The EU seems unintimidated by various threats the hedge fund and private equity fund industry have tried to make to forestall efforts to restrict the activities of those firms. The EU proposed both limiting the ability of EU nationals to invest in non-EU funds, and the ability of non-EU players to operate within the EU.
The idea that any government dare tell the moneybags what to do is a bit of a stunner to the industry, which has gotten used to having its way in the US and UK. But despite the loud noises from the industry, there has been no change in the stance of the Europeans.
Indeed, it gets even better. An EU parliamentarian who is the rapporteur on the proposed reforms, in effect said that what was at stake was 3000 hedge fund jobs….in the UK. That’s a rather pointed way of saying the EU thinks it has nothing to lose via this change.
From the Guardian (hat tip reader Swedish Lex):
The loss of up to 3,000 jobs in City hedge funds and private equity firms is a price worth paying for tougher rules on the sector, an influential MEP said today.
Jean-Paul Gauzès, the European parliament rapporteur on a proposed directive on alternative investment, said: “If the directive wipes out two or three thousand speculators, I am not going to be sad.”
In his first trip to London in more than 30 years, Gauzès said that Europe should become a “fortress”.
Non-European hedge funds should be allowed into the region only if they met certain criteria, he said, and the new directive should be enacted regardless of whether it led to an exodus of hedge fund and private equity managers…
The visit by Gauzès, aimed at increasing communication and transparency, only added to the anger felt in the industry.
“It takes chutzpah to come to London, without speaking English, to say you wouldn’t be sad if thousands of jobs are lost in London,” an industry source said.
Yves here. Do you see the stunning sense of entitlement? How many times have regulatory changes led to the loss of thousands of factory jobs? Did any of these Masters of the Universe have any sympathy? And the reason the EU wants to leash and collar them is that they have engaged in predatory conduct, a point that also seems to escape these “victims”.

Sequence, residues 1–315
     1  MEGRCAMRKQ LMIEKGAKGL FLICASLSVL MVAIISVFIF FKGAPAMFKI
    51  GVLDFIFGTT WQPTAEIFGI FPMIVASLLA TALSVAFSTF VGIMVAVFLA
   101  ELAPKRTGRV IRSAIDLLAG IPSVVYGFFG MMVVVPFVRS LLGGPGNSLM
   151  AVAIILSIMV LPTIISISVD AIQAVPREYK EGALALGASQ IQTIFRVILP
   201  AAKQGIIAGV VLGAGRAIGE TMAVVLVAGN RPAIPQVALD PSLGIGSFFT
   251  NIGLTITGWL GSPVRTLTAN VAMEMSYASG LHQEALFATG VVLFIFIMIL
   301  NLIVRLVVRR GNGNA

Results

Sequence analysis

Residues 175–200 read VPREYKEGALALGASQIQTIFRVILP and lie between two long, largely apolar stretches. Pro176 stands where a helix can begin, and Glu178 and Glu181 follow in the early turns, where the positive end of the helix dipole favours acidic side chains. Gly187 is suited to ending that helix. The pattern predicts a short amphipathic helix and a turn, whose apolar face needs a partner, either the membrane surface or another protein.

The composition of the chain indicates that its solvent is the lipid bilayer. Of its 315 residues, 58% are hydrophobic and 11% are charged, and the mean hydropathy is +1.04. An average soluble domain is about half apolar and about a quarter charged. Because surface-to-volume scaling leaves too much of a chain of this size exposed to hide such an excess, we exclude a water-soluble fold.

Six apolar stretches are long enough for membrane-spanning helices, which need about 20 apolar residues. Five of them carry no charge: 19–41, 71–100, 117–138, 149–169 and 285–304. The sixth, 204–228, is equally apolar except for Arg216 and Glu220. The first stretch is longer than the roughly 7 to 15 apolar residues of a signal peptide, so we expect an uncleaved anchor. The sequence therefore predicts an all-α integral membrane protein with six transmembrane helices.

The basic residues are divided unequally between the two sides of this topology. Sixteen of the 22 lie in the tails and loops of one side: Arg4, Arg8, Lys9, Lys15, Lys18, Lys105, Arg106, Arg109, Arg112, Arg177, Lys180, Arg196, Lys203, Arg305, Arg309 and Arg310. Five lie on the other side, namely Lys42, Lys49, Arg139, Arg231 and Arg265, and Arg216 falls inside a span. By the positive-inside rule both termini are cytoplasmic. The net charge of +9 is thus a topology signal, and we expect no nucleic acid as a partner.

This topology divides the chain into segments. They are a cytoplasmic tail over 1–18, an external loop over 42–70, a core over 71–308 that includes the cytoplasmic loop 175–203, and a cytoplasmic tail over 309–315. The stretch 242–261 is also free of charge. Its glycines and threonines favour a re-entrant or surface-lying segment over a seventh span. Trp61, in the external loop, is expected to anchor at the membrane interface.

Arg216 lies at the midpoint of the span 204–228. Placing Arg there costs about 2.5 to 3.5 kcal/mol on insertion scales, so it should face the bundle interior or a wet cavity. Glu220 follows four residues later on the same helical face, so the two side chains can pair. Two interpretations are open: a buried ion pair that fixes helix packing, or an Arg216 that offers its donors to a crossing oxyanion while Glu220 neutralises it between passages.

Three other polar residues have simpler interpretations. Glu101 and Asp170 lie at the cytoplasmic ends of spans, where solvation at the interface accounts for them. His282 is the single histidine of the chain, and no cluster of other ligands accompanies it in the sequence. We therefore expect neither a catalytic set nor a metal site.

Hedge funds continue to maintain that they had nothing to do with the crisis. I am hoping to put up a in the not-too-distant future on an April 2007 paper by Henry Maxey of Ruffer (a UK money management firm), “Cracking the Credit Market Code”. It was an amazingly prescient piece of work. It described how “funding liquidity” came from “non-bank financials”, which he calls “hedge fund banks” which are more fragile sources of liquidity. His paper (60 pages long, impossible to do it justice in a short space) demonstrates that structured credit arb (using lower-rated CDO tranches) as well as the lesser but still very significant leverage of CLOs were the major contributors to the liquidity boom that ended so badly.
And this post from the Columbia Journalism Review (hat tip reader Francois) shows that the European skepticism is warranted:
This from The Wall Street Journal’s Heard on the Street is the stat of the day (okay, it ran yesterday):
Nearly half the 163 U.S. nonfinancial companies that defaulted last year were backed by private equity.
Now I don’t have a number for how many U.S. nonfinancial companies overall are backed by private equity, but you can bet it’s nowhere near half. This disproportionate failure isn’t because private-equity companies are really bad at picking investments. It’s because they levered up their acquisitions with cheap debt to goose their returns, and now these companies, who employ (or employed) lots of people, can’t meet their debt service, much less invest in the business. That’s helping choke the economy.
This raises a critical point about private equity: Why isn’t that industry being included in financial reform? What about Blackstone?
If these firms destroy or hobble companies by loading them up with debt, sometimes to pay themselves massive dividends that recover all their equity with no earnings, where’s the legislative scrutiny. How many jobs have been lost because of the excess debt loaded onto otherwise healthy companies? It can’t be insignificant.